Weekly kill: Rally in early-season prices continues, but many producers hold-off

Jon Condon, 16/01/2024

THE encouraging surge in slaughter cattle prices since processors retuned to work this year has continued this week, with many direct consignment grids lifting another 10-30c/kg since Friday.

However producers have largely been slow to respond, with plenty of green feed in the paddock meaning there is little compulsion to sell, and a sense that the cycle has further to run yet, as cattle gain weight.

Added to that is the fact that many processors started the year with an empty book, not prepared to secure cattle late last year for kills in January. That’s only heightened the appetite to get some cattle around them, as more northern plants kick off their 2024 seasons.

Some Queensland and northern NSW grids are now 40-65c/kg above where they finished in 2023, and have now reached their highest level seen since July or August last year.

Despite that, processor livestock buyers have hardly been overwhelmed with inquiries, Beef Central was told this morning. Central Queensland has been particularly slow.

As often happens in a rising market when supply is tight, saleyards rates this week are perhaps a little above over the hooks rates, but that’s likely to square-up after a few weeks, history suggests.

There has been a big jump in yardings through the saleyards system this week, with 5500 on offer at Roma this morning and 1700 at Gunnedah, where cows jumped up to 20c/kg liveweight, averaging 235-240c/kg. Warwick sale this morning yarded around 1300 head, with slaughter-weight cows selling to around 240-245c and bullocks 310c.

Competitive direct consignment quotes in southern Queensland this morning had heavy cows at 450-480c/kg dressed weight (depending on location) and four-tooth heavy grass ox anywhere from 475-550c/kg. Some grids have an extra 10c/kg on offer for HGP-free steer. Some of this week’s adjustments, at least, were about keeping pace with competitors’ offers.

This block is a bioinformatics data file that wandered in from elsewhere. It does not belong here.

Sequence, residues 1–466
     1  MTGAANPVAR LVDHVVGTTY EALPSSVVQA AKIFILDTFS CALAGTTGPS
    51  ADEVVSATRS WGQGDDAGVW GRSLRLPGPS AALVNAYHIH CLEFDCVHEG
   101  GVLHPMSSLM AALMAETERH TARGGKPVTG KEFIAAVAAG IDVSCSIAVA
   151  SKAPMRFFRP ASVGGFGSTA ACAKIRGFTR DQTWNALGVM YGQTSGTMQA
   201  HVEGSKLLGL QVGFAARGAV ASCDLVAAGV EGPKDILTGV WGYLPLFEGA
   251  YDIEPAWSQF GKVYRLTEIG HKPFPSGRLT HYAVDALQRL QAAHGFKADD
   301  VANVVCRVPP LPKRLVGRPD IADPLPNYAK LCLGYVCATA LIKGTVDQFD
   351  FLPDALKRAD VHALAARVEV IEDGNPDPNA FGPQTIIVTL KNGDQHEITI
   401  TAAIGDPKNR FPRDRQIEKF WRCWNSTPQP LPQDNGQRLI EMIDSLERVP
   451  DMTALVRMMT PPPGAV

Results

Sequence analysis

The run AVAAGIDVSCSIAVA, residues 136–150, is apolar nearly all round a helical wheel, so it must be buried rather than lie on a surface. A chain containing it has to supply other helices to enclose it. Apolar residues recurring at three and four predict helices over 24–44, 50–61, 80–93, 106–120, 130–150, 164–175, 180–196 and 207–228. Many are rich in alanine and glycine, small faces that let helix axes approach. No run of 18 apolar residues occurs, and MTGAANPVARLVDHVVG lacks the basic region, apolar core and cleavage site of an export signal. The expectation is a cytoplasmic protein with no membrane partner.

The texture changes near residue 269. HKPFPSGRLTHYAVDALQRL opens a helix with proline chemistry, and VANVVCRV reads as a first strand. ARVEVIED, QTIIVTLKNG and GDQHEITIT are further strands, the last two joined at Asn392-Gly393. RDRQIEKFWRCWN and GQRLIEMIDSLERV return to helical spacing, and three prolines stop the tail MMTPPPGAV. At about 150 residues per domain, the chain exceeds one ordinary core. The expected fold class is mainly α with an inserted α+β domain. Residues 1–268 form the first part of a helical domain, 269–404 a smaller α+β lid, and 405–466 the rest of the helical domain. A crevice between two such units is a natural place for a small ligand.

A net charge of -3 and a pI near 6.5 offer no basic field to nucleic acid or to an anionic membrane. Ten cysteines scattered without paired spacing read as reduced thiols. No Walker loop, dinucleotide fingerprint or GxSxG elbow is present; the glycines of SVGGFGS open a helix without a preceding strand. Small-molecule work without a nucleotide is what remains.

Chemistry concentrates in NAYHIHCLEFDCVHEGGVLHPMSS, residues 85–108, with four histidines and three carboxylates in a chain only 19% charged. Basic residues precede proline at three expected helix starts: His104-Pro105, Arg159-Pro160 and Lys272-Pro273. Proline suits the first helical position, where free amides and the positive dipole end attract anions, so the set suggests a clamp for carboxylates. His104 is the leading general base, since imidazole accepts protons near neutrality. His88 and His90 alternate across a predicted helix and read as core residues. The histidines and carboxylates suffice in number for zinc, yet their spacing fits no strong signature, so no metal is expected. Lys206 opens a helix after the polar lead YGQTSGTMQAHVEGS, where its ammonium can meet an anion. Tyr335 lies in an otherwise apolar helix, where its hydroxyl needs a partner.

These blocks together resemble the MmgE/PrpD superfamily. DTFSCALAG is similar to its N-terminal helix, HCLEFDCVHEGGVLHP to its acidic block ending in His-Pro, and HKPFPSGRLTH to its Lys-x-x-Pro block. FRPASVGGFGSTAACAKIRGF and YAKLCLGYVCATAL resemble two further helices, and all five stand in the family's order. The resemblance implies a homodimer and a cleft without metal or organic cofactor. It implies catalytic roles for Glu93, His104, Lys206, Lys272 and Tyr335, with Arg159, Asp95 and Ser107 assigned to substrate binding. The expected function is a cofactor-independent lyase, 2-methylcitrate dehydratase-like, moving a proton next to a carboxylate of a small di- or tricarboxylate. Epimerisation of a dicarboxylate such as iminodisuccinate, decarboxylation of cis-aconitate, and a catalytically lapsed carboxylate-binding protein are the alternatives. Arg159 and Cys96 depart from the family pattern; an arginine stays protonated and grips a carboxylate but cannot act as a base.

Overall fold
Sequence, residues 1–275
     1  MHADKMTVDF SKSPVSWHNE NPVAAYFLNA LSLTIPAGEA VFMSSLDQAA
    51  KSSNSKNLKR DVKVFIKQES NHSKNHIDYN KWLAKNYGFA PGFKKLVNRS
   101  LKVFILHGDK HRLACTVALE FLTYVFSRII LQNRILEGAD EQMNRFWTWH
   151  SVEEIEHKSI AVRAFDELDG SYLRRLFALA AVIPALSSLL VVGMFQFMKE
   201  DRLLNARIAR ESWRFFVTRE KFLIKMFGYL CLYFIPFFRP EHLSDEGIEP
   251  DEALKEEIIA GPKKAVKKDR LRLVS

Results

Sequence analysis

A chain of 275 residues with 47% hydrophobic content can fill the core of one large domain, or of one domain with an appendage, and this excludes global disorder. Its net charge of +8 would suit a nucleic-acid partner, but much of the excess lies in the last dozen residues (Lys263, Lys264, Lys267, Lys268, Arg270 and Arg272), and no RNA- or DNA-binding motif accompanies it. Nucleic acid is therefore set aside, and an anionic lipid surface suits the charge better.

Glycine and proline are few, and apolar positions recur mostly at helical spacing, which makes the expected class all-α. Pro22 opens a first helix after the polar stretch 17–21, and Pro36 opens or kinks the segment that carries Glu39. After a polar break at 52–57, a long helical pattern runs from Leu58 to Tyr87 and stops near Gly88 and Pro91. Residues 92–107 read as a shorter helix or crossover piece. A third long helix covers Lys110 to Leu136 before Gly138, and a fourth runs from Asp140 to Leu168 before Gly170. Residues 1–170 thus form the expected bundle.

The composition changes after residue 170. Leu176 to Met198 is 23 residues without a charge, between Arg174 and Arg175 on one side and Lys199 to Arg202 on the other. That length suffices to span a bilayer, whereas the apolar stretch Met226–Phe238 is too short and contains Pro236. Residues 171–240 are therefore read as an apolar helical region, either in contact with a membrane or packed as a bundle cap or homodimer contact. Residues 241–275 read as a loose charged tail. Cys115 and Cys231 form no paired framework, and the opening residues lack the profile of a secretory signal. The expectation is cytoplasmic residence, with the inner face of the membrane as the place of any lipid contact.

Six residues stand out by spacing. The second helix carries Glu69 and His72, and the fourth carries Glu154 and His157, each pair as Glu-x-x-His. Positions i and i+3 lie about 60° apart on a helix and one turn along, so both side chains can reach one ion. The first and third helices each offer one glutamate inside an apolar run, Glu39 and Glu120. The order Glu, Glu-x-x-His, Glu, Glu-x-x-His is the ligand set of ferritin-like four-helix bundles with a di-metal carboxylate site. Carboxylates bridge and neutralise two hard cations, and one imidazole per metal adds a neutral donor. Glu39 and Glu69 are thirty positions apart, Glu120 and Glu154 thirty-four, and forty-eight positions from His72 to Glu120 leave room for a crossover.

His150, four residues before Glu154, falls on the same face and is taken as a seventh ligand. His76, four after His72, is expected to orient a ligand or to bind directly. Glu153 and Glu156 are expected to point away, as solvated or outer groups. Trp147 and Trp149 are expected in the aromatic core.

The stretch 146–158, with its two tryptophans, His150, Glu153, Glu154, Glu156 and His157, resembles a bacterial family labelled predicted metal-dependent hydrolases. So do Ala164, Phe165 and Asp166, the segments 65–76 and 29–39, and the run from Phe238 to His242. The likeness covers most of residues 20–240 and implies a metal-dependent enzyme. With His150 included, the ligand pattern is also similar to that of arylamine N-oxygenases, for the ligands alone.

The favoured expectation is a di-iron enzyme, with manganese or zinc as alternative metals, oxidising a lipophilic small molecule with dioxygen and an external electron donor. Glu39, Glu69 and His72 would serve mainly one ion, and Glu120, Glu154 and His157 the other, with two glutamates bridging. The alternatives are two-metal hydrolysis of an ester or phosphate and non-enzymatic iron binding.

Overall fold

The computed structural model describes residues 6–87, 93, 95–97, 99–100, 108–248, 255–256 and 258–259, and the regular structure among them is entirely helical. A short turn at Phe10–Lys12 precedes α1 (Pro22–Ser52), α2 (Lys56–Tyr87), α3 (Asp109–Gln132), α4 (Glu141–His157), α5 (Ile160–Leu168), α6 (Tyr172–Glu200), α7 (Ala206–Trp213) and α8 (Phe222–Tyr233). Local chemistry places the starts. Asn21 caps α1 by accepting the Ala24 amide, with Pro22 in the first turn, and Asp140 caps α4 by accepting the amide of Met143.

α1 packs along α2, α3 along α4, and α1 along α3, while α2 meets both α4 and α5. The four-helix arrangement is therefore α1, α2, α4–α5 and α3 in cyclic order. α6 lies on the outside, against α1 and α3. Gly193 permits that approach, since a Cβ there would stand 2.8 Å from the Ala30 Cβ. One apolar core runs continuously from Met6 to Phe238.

Certified grassfed MSA steers 0-2 tooth are making 500c/kg and better in southern Queensland today.

Weather is playing a big part in slaughter cattle availability in the opening stages of 2024, and the slow response to higher price offers, combined with the fact that some producers are still on their annual break.

A few reports have come forward this week of consignments being cancelled due to transport difficulties associated with weather, especially from areas like western Queensland. Other areas would only need another 25-50mm on already wet paddocks to make delivery difficult, one processor said.

“Many producers across eastern Australia now have green grass, and while cattle are putting on weight, they’re not in any hurry to sell,” was one livestock buyer’s assessment this morning.

The risk with that is that if everybody takes the same approach, it could see a rush of well-finished cattle placed on the market heading into March-April, which could oversupply the market heading into Easter and push prices lower.

While some modest gains have been made in physical processing capacity compared with this time last year as the labour situation improves, it would still not take too much to reach the processing sector’s labour threshold again, one processor suggested.

The first weekly national slaughter summary for the year issued by NLRS last week showed a week-one figure (week ending 5 January) of 53,648 head, up about 6pc on the same week last year.

With many Queensland plants still on holidays, the results showed the nation’s largest kill in NSW (16,215 head), followed by Queensland (15,366 head) and Victoria 12,901 head.

Kills are likely to remain reasonably low up to the Australia Day long weekend, but should get back to full operations during the first week in February, weather permitting.





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